Based upon the foregoing, I find no basis for determining that either Westborough or Blackacre fell short in meeting their IDEA obligations to Student. Westborough began sending referrals for Student’s placement before he even registered in the district. Although Mother sought to argue that Student missed several weeks of services upon enrolling in the district, the record shows that he missed a small number of days which were made up by the fact that the Blackacre program provided a full year program in contrast to Student’s out of state IEP which provided a shorter summer program. (See ¶ 2 above which states that Student’s previous IEP included a summer program that ran from July 7, 2016 through August 19, 2016. His regular school year services were to commence on September 7, 2016.) Although, despite diligent efforts, the earliest Westborough was able to obtain an acceptance and placement for Student was July 26, 2016, his out-of-state IEP would have only provided services until August 19, 2016, leaving Student without services between August 19 and the September 7, 2016 beginning of the new school year, Blackacre provided uninterrupted services. Further, after Mother removed Student from Blackacre Westborough continued to fund the program and a one-to-one assistant so that Student could return to the program at any time. In addition to continuing to fund Student’s last accepted program, Westborough agreed to send out referral packets to other schools and sent referrals to no less than 19 programs. While continuing to send referrals and to make Student’s prior placement available, Westborough provided additional services and transportation to both the Pride Star program and Autism Behavior Services.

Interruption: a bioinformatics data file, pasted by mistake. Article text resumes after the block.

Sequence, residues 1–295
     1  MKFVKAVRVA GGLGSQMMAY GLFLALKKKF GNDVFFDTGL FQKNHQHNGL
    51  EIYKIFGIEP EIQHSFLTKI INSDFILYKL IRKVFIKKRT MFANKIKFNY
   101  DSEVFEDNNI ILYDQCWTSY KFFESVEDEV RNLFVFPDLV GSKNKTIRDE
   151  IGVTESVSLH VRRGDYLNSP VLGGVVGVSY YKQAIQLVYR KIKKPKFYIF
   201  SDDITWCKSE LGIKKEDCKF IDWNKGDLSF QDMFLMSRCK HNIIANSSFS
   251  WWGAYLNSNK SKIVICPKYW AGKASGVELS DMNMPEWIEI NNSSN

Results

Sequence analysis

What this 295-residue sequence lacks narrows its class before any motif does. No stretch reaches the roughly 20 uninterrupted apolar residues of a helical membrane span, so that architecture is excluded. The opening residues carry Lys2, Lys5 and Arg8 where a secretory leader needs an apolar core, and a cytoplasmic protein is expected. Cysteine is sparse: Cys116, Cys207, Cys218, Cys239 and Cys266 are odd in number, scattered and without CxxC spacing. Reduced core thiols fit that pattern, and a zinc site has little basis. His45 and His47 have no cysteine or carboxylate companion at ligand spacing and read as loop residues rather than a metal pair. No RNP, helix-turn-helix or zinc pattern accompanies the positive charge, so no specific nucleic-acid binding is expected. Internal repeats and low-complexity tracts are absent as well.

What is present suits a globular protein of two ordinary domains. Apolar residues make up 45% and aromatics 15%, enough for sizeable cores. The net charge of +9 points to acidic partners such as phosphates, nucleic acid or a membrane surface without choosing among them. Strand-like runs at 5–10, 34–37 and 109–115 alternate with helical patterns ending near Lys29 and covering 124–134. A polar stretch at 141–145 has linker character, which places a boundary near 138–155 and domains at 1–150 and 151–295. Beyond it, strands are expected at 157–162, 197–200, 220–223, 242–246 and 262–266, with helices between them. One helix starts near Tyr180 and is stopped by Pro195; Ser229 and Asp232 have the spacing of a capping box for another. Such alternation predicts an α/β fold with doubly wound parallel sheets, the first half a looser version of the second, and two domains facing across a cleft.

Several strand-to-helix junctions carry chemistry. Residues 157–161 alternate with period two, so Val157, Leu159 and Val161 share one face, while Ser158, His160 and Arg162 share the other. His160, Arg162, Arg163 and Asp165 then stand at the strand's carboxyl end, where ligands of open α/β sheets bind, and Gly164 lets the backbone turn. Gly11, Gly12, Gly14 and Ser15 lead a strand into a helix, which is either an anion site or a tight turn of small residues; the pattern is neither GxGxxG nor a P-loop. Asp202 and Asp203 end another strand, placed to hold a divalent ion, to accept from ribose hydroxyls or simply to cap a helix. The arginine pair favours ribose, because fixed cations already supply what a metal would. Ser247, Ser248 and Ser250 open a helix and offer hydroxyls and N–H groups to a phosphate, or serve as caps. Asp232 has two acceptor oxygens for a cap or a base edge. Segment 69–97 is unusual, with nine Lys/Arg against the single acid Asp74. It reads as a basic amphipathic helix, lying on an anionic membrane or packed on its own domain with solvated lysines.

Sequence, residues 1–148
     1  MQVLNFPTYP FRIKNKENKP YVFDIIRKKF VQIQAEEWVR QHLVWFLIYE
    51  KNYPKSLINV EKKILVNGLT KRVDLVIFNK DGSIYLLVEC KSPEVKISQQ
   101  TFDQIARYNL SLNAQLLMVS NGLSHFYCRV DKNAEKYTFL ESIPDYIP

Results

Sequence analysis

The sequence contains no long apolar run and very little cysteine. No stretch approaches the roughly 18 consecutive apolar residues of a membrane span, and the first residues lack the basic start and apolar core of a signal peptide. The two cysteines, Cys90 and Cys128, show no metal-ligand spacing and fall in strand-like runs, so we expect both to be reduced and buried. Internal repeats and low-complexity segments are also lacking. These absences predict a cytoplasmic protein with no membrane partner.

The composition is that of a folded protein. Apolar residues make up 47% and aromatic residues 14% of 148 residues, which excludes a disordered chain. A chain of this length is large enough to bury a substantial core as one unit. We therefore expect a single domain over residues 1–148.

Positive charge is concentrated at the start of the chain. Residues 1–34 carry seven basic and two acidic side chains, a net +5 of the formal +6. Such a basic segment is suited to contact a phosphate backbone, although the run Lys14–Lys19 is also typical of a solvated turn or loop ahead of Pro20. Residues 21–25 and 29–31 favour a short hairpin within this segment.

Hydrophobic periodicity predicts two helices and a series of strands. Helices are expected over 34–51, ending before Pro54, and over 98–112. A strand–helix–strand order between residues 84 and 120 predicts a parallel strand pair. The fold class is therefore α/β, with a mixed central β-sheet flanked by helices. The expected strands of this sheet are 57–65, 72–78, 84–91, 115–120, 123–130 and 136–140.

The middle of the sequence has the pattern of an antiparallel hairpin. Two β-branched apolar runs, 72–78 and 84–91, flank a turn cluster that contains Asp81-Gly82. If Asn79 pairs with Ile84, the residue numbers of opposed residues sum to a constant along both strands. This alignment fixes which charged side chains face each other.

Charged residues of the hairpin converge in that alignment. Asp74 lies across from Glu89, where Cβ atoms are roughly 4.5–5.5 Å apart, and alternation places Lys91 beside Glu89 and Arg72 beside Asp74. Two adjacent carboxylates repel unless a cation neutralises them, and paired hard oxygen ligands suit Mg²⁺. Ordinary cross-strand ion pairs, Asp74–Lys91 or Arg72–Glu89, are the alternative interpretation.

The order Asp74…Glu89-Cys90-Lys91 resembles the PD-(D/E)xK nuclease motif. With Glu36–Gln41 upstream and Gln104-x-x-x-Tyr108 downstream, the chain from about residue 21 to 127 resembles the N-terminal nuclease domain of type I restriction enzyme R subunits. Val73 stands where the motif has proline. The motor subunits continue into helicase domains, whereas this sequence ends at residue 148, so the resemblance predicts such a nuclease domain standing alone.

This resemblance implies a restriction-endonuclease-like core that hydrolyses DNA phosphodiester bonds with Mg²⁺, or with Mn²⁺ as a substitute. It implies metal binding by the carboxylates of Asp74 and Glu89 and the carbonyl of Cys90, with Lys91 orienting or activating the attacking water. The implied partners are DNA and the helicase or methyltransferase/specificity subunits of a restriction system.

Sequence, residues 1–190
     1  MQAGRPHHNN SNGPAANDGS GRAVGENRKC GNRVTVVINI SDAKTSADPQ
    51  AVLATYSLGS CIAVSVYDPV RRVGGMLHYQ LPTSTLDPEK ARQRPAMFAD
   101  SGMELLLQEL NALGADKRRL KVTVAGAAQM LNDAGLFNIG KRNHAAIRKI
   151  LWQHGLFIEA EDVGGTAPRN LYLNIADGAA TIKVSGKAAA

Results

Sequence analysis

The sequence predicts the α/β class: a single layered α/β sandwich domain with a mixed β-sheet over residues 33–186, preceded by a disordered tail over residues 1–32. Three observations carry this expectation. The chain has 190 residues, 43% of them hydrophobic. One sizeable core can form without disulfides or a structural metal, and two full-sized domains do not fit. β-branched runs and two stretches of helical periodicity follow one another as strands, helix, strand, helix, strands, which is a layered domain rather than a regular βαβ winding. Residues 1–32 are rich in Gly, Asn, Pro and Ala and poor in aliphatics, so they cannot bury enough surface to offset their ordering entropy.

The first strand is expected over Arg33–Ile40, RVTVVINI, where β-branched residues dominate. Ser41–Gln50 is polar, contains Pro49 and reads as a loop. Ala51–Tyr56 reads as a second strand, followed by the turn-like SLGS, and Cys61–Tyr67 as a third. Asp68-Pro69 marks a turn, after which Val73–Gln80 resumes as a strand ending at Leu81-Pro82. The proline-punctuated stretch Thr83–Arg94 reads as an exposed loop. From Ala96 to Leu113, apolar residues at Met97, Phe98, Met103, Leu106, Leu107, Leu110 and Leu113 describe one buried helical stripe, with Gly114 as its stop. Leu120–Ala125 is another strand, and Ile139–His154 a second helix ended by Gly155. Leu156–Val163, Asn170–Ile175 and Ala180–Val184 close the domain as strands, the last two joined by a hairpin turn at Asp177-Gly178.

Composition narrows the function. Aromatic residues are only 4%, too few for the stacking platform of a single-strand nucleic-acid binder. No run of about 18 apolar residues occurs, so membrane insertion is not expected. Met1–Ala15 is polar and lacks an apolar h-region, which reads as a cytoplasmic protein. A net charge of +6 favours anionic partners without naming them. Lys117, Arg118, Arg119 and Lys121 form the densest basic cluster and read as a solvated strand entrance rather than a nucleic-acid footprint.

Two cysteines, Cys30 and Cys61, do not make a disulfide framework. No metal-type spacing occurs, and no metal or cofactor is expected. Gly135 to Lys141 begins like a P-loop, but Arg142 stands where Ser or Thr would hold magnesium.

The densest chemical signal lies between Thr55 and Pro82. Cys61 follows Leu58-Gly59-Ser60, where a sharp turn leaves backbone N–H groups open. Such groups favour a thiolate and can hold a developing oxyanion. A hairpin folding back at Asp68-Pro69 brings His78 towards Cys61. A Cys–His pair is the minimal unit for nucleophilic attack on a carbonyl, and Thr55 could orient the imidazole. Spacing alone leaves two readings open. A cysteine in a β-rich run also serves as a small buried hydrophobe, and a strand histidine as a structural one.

The record is clear that Westborough met its obligations to Student under the IDEA and there is no basis for awarding Student compensatory education.